A truthful new year

When I sat down to write this first post of 2016, I had a pause. It took me a few days to think about what to say. I see fel­low col­leagues dis­cuss­ing cleanses or new exer­cise regimes for 2016, and I under­stand why they write them. They want to inspire oth­ers to be bet­ter, to take care of their bod­ies, and to reach the goals they want to reach. I want that too for my cli­ents and read­ers of this little blog, how­ever this year it wasn’t in me to be inspir­ing.

It’s in me to be real, and hon­est.

In liv­ing in the now and being where you are, if your goals are to become and be bet­ter, you must indeed accept where you are, acknow­ledge your weak­nesses (and love them as best you can), and move for­ward.

I have watched many people take on new cleanses, or decide to be vegan, or start a new exer­cise régime and with­in a week or two when it gets tough/​boring/​embarrassing they com­pletely give up. And they begin to whine about it, and blame every­one around them or them­selves very harshly.

Let’s take a step back.

Yes, it’s a new year, and it has allowed you to ree­valu­ate your goals. It’s a won­der­ful thing!

Let’s think big, and boldly, by all means!

Let’s not how­ever, assume that these new and won­der­ful changes won’t bring chal­lenges of their own. Hardships, and struggle are a part of bet­ter­ment just as much as any­thing else.

If your goal is to be in shape, then begin work­ing out. Sweat. Do this many times a week. Be hon­est that the pro­cess will be hard, and hum­bling and pain­ful and amaz­ing, and that it will require self-dis­cip­line and ded­ic­a­tion. A hell of a lot of say­ing no to your­self and oth­ers. Also be hon­est with your­self that in tak­ing on said new régime, you will not look like Jillian Michaels in 3 days. She is an inspir­a­tion, and she has shown that it takes ded­ic­a­tion and per­sist­ence and a heck of a lot of say­ing no. She is also very hon­est about that. Things take time to mani­fest into what you want to achieve.

If you want to change your job, and start to work at mak­ing money at the pas­sion you have always had, then you need to start WORKING at that pas­sion and giv­ing it the same atten­tion you give Facebook, Twitter, your obses­sion with wine and the latest-house­wives-of-whatever-show that’s on TV. You need to work your butt off at it and keep work­ing on it to become bet­ter at so people will indeed pay you for your pas­sion. Again, it is a lot of ded­ic­a­tion and hon­esty that your first attempts to sell fur­niture do not look like a table but more like a lop­sided chair and you must start again. It will be hum­bling, but you must be hon­est and get help in oth­ers mak­ing you hon­est about that pro­gress.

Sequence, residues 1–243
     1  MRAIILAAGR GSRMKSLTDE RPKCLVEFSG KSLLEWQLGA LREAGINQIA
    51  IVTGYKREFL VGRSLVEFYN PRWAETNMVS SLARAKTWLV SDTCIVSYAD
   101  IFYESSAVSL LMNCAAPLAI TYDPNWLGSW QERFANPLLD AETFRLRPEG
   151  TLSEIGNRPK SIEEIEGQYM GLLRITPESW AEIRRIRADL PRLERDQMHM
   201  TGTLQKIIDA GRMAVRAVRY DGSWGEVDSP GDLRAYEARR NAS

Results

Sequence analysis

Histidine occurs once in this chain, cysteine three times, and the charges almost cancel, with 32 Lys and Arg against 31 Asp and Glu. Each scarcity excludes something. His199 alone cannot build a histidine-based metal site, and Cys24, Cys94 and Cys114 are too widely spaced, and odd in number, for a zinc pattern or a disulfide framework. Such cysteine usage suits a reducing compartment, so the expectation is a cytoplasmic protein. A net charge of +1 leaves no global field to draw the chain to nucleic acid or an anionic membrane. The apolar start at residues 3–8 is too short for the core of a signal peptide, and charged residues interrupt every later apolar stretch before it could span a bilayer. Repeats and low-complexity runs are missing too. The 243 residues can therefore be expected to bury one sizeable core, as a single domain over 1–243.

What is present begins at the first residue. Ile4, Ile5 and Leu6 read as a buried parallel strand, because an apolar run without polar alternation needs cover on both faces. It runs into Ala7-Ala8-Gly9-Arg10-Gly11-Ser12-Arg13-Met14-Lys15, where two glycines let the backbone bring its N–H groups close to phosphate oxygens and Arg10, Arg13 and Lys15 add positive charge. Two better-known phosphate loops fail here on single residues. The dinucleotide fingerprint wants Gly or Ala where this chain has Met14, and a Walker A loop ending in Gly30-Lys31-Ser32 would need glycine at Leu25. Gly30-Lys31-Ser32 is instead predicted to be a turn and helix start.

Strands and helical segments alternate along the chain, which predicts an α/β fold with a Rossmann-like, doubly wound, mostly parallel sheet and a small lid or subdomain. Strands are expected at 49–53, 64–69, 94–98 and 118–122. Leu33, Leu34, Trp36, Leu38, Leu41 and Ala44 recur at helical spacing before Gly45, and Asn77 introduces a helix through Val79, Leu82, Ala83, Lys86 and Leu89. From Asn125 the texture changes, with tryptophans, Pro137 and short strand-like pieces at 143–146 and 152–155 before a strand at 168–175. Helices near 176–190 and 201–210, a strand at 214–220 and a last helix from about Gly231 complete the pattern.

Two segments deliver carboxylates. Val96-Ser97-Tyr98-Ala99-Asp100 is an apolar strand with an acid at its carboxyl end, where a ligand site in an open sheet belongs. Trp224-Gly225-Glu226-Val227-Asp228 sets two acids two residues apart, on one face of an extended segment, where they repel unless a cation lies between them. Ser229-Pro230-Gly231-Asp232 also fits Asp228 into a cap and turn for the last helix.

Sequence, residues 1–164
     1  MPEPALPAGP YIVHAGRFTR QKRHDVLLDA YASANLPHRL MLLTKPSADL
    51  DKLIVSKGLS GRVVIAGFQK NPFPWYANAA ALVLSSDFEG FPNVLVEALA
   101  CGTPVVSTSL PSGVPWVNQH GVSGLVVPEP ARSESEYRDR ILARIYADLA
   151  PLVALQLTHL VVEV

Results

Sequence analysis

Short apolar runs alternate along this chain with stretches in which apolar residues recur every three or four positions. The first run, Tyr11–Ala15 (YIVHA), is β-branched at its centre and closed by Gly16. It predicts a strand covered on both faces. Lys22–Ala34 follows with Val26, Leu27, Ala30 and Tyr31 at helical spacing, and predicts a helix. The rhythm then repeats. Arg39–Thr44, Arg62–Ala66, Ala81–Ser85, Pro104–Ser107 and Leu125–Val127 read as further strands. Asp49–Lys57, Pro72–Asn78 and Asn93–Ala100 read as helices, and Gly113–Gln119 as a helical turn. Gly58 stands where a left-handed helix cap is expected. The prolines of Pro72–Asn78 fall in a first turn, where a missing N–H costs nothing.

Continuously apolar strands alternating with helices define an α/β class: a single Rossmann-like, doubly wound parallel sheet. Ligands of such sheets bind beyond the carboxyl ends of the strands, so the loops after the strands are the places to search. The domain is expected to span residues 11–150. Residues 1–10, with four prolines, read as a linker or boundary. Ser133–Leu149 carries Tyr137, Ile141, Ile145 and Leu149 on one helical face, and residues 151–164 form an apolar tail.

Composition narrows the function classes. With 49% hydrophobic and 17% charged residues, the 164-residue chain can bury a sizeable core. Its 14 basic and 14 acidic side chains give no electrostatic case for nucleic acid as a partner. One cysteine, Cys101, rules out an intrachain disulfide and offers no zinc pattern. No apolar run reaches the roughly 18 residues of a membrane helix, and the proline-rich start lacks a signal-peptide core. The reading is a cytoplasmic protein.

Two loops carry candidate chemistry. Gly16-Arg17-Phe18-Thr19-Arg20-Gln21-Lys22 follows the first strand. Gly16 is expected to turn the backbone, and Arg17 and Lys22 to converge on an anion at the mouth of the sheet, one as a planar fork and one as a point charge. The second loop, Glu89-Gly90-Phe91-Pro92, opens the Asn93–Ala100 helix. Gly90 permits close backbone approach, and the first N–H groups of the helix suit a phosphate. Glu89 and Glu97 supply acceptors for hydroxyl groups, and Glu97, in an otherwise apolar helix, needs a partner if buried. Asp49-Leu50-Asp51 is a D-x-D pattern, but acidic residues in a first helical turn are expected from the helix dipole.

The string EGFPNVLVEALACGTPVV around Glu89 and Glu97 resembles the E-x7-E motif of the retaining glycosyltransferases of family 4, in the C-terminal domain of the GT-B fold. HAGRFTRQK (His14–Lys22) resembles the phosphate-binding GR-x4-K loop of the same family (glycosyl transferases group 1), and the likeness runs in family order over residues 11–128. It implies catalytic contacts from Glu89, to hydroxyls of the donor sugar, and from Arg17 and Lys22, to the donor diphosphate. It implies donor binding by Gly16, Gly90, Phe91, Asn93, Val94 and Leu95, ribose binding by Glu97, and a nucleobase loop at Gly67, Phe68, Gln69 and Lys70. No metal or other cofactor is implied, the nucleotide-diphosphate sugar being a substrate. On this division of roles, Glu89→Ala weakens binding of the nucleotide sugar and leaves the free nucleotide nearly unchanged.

If you want to have more fun, you need to start get­ting out of the house, and off the couch and try­ing some­thing new. Meet new people. Hate them, or like them. Start a class. As long as you are learn­ing some­thing new, you will indeed have more fun than being where you are right now.

Change comes from action and activ­ity.

It also comes with acknow­ledg­ment.

I, for example, have a pen­chant for wine and chocol­ate. If I desire to be more toned, then I must let go of the wine and chocol­ate. I can choose to keep them in my life, but then I must accept the con­sequences of that also. I am in con­trol, and I have the power to make the decision that put me in one dir­ec­tion, or anoth­er. I can also decide that in releas­ing wine and chocol­ate that I will not take up addi­tion­al car­di­ovas­cu­lar exer­cise. But then I must accept that ‘get­ting toned’ will take far longer, and in fact, may not hap­pen at all.

These are my choices.

My recom­mend­a­tion to myself is to be hon­est. What do I want?

I dir­ect the same ques­tion to you:

What do you really want?

And once you fig­ure it out, then go get it. Be it. Attain it. Change to live it.
-A. Earls

And in the words of Yoda for you Star Wars fans,

Do, or do not. There is no try.

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